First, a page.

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RE: Strange logon attempts to Win2k server
From: "Sean" <sean () comnet com>
Date: Wed, 24 Sep 2003 21:50:37 -0600


Chris,

This may be related to what I had found on one of my clients servers
recently.  Their server was being overloaded by spam that was being sent out
through Exchange.  I knew that they were not running an open relay, and
quickly ran down the possibilities as to what could have been happening.
After turning up all the logging, my suspicions were confirmed.  The
spammers had started attempting to authenticate to the Exchange server for
permission to send mail.  They had guessed the passwords for both the
administrator and backup accounts (yes, they were very poor passwords), and
were sending massive amounts of spam through the Exchange server. I imagine
the attempts that you are seeing are this same type of attempted access.

I guess now spammers are resulting to felony network intrusion to spread
their pee-pee grow big pills. :)


-----Original Message-----
From: Chris Harrington [mailto:cmh () nmi net]
Sent: Thursday, September 11, 2003 10:09 AM
To: pen-test () securityfocus com
Subject: Strange logon attempts to Win2k server


All,

A customer notified us that someone / something tried to log into one of
their servers repeatedly but failed. It appears to be some sort of
script since it tried 6 usernames with 23 passwords in under 2 minutes.
The event log is a typical 529 event ID. The logon type was 3 (network)
and the logon process was advapi. I generally see this when someone
tries to log in to IIS using cleartext authentication. There is no
evidence in the w3svc logs of these attempts. There were no successful
logins using that logon process.

This server is an Exchange server with port 25 accessible from the
Internet. I have verified this is the only port open by scan and
firewall rules.

1. Can anyone access the advapi (or any domain login process) over port
25 on an Exchange server? I did not think that SMTP AUTH could do that..

2. What other common programs use the advapi call for authentication?

The usernames that were tried are webmaster, admin, root, test, master,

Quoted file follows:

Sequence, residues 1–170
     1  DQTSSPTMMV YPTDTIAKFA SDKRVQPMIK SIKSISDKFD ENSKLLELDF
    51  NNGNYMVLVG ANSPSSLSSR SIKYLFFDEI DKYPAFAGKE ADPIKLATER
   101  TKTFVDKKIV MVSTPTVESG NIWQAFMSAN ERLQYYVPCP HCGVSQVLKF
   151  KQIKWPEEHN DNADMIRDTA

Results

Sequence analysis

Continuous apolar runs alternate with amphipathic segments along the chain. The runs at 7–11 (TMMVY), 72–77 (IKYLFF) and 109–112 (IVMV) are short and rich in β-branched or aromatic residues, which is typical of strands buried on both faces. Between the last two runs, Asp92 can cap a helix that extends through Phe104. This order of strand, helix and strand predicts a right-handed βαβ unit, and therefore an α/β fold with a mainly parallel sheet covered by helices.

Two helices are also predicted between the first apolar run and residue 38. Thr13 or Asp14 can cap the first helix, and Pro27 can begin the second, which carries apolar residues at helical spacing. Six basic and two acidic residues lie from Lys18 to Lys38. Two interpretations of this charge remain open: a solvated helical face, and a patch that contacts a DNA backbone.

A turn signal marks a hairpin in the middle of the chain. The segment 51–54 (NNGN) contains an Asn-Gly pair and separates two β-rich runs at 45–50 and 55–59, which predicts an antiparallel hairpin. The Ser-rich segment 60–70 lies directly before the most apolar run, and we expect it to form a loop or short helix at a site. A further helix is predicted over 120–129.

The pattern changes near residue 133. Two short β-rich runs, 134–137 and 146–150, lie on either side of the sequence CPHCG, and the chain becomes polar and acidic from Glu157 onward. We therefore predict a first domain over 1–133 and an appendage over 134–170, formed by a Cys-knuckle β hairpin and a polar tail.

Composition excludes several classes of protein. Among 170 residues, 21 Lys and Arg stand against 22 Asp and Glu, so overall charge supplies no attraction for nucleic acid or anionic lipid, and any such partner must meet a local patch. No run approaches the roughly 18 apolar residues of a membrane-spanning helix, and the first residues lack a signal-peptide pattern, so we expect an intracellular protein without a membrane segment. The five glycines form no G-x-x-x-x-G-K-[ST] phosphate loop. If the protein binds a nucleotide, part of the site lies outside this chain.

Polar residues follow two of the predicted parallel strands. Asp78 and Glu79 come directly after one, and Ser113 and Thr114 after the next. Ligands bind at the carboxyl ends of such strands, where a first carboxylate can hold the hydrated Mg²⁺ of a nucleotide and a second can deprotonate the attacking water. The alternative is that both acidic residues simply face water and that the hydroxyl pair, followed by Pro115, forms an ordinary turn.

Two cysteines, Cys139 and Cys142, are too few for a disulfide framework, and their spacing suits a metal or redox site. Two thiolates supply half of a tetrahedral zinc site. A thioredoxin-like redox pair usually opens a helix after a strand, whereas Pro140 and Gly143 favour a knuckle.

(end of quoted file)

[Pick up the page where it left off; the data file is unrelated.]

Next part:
web. Each one was tried in that order with 23 passwords, all failed.

3. Does anyone know what script / app / virus / worm that could be?

Any insights??

Thanks,

--Chris

-----Original Message-----
From: Bartholomew, Brian J [mailto:BartholomewBJ () state gov]
Sent: Monday, July 21, 2003 10:48 AM
To: 'Ian Chilvers'; pen-test () securityfocus com
Subject: RE: V/Scan for Wireless LANs


        I have successfully cracked 40 and 104 bit WEP keys with reinj.c
and Airsnort or Kismet.  Just use Airsnort or Kismet to listen and store
the "interesting" traffic, and reinj.c to create it.  One usually needs
between 100 MB to 1 GB of  traffic to crack the key, but once the data
is captured, the key cracks in a matter of seconds.

        There is a good paper that describes the weak implementation of
initialization vectors entitled "Weaknesses in the Key Scheduling
Algorithm of RC4" by Scott Fluhrer, Itsik Mantin, and Adi Shamir.  I
suggest reading it.

        I mentioned Kismet above.  It is one of the best tools out there
for WLAN testing.  It allows you to perform a variety of things to the
AP such as spoofing, disassociations, capture traffic, sniff out
"hidden" APs, etc. It is all around a better tool to use than
NetStumbler since it detects APs passively, instead of broadcasting
everywhere.  It even detects other NetStumbler clients.

        The suggestion to brute force the key is not a good idea since,
as one person already pointed out, it would take a very long time to BF
it.  It could be done I guess, but by the time the key is cracked, they
would have
probably already changed it.

        Personally I think the best way of attack is to use some sort of
man in the middle attack.  If you are able to disassociate the clients
from that AP and have them re-associate with you, you are golden :).

Brian J. Bartholomew
U.S. Dept of State, Bureau of Diplomatic Security
Computer Incident Response Team
(202)663-2304


-----Original Message-----
From: Ian Chilvers [mailto:Ian.Chilvers () prolateral com]
Sent: Friday, July 18, 2003 12:45 PM
To: pen-test () securityfocus com
Subject: V/Scan for Wireless LANs


Hi all

We've been asked to perform a vulnerability assessment for a company
that has a Wireless LAN.  The W/LAN is running WEP with a random key
generated, rather than a dictionary word.

Are there any tools out there that can brute force a WEP.

Take this example.  A person parks the car in the car park and sniffs
the air waves with a product like NetStumbler.  He discovers the W/LAN
but with WEP.

Is there a tool he can use to discover the WEP key (possible by brute
force)

If there isn't such a tool, how does this sound for an idea.

Run a app that starts at binary 0's and counts upto 128bits of 1's For
each sequence listen to see if there are any sensible packets or even
send out a DHCP discover request to see if you get a reply.  This would
then possibly give you the WEP key.

Any comments

Ian....



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